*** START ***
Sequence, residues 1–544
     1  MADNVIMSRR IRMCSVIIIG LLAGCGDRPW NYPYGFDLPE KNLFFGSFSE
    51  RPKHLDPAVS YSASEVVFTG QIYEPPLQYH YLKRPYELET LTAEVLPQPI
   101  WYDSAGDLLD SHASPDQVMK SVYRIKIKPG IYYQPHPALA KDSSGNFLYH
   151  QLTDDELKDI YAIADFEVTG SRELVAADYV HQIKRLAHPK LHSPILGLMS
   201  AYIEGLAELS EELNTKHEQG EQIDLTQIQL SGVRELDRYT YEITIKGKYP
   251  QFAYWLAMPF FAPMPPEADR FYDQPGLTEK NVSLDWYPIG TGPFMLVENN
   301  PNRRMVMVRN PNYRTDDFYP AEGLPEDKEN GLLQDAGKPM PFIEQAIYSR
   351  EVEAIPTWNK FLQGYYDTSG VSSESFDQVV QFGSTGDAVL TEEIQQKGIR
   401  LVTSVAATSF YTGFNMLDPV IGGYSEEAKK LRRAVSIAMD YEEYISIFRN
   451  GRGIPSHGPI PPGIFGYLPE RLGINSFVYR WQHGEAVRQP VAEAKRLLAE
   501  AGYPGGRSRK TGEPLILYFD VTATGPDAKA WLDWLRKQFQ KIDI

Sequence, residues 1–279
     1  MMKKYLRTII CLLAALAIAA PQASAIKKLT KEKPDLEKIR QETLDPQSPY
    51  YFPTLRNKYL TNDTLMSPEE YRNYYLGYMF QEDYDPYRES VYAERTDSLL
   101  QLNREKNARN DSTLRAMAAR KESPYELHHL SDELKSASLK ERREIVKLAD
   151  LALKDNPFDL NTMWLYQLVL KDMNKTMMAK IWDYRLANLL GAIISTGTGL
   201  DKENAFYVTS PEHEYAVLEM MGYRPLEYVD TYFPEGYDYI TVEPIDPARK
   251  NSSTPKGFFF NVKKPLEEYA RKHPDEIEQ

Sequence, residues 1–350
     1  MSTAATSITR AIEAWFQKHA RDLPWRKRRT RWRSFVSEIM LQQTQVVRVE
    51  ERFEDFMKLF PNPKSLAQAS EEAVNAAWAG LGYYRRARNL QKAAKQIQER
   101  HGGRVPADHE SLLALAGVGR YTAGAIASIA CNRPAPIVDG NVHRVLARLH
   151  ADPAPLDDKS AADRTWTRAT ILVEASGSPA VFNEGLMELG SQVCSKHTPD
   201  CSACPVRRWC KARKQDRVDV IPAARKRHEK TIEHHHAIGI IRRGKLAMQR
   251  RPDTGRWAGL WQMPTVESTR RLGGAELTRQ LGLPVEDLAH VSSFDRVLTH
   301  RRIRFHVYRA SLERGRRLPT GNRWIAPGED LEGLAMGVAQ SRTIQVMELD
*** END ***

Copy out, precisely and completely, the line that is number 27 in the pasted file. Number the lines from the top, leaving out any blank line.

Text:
   301  RRIRFHVYRA SLERGRRLPT GNRWIAPGED LEGLAMGVAQ SRTIQVMELD